Mobile Banking & Authentication #BadUX: And The Winner Is…


Strong authentication, as we know, must be implemented as a compromise between security and user convenience. This holds for any kind of service, but this is particularly true for mobile, consumer-facing services, because both the mobile device and the large, not tech-savvy audience, introduce specific UX (user experience) requirements. Mobile banking should therefore see ideal implementations of strong authentication. But apparently, something went wrong…

Living with the legacy of e-banking authentication

Banks have generalized the use of mobile phones for authentication around 2007-10, usually as a consequence of regulations about online payment security that required a dynamic authentication. As most retail customers had at least a basic phone, “SMS-OTP” – random codes sent in a short-text message used to confirm a transaction – were seen by most banks as a convenient, secure, and inexpensive way of becoming compliant (SMS-OTP fell short of meeting all 3 expectations, of course, but that’s another story – or post…).

“Soft-tokens” – mobile Apps generating one-time authentication codes – were also rolled out here and there, but never generalized, probably for bad timing reasons: by the time compatible phones were widely available, App banking had already taken off, so banks would never be able to explain to their customers why 2 Apps were required.

Nevertheless, in a way or another, mobile phone has become a widely successful out-of-band second factor in e-banking. Then came m-banking…

Initially m-banking operations were very restricted, because there was no good way to secure sensitive operations: it’s really painful to enroll users in a strong authentication solution, such a solution was already in place, and it had been “designed” (!) for e-banking only. Ironically, banks that had deployed old-style key-chain tokens had a slight advantage in securing m-banking. Those having deployed CAP (Chip Authentication Program) were completely left behind – don’t laugh, some banks still signed up for CAP as late as 2011! (by which you may have guessed that I was living in France at that time…)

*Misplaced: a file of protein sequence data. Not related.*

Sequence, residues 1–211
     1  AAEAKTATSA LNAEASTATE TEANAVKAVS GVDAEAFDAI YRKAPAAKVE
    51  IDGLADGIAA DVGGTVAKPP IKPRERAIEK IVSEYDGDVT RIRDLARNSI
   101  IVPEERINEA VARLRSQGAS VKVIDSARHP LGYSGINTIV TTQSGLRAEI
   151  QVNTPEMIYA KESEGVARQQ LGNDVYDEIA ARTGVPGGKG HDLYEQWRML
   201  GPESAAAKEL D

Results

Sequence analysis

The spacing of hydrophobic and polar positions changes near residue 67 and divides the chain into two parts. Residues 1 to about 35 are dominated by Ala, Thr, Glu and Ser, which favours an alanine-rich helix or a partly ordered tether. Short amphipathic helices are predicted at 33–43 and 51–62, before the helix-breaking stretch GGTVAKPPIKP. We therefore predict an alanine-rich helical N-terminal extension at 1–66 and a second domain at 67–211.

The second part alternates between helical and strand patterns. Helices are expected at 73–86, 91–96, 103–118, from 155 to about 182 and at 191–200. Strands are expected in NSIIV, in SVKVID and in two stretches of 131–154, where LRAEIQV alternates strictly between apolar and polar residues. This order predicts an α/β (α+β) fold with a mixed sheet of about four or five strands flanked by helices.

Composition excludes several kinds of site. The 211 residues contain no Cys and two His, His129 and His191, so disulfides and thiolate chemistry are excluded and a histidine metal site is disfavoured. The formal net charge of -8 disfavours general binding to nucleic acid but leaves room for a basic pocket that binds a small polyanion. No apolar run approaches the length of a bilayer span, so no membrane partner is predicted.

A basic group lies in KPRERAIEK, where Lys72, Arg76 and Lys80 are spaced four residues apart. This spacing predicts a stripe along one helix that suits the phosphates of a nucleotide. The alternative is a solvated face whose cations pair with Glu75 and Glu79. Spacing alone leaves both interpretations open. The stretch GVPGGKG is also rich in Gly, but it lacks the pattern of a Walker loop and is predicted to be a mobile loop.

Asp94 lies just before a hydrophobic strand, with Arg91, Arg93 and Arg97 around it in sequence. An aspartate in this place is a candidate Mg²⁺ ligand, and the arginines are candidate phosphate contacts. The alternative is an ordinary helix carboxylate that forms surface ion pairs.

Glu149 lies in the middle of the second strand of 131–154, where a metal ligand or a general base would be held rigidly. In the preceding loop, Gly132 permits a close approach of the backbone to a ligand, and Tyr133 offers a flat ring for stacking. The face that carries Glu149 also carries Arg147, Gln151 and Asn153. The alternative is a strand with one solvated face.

M-banking authentication era

Like it or not, authentication for m-banking era can’t be out-of-band. Using key-chain tokens to keep a smell of a separate device doesn’t make any sense as it doesn’t protect from phishing or malwares, so there are really no valid out-of-band options.

in-App authentication has been proposed as the m-banking authentication mechanism. For example, inWebo proposed a SMS-free in-App authentication concept as early as 2010, and released a security-certified product as an SDK in 2012.

in-App authentication makes m-banking security really convenient, as 2FA can be completely hidden to users – the same way in-browser 2FA does it for web sites. But that’s the theory. In practical terms, banks still struggle to make 2FA – and security in general – a seamless experience.

Just one example with … a well-known global bank. I see no need to expose this bank to public irony – first because I’m not sure this post would reach executive ears and ultimately make customers’ life easier; second because one would get the impression by contrast that other banks are performing much better: actually, there’s no winner! Let’s mention that it’s not a 2010 example as you would think, but the brand new, just released, 2013 in-App 2FA enrollment process! So here’s what you have to do, take a deep breath:

  • sign in to your online account from a web browser
  • create a secrete question and answer – you know, something like “what is the last book you have read?” (you’re not required to rate that book though)
  • download the mobile App
  • enter your credentials and the answer to the secrete question
  • define a password in your online account
  • enter it in the mobile App
  • obtain a first activation code from your online account
  • enter it in the mobile App
  • receive a second activation code by SMS, email or post (yes, post!)
  • enter it in the mobile App
  • define your PIN in the mobile App
  • you’re all set!!!

Half-way reading this list, most of you have probably checked if, by any chance, this post hadn’t been written on April 1st. But unfortunately, it’s not a joke!

However, the exact reason why it’s so f… weird and complex is an open question I address to the audience. I have a few tentative explanations in mind: a) the process was reviewed at all hierarchical levels, each one adding a step, b) they stopped adding steps when they couldn’t figure out additional ones, c) some pre-Millenial consultant suggested that the more steps, the more secure customers would feel.

That last one is probably true. If there are any customer left…

Written by Didier PERROT

Didier is the CEO & Founder at inWebo. He’s looking at innovation, business models, and technologies in the online identity and authentication areas

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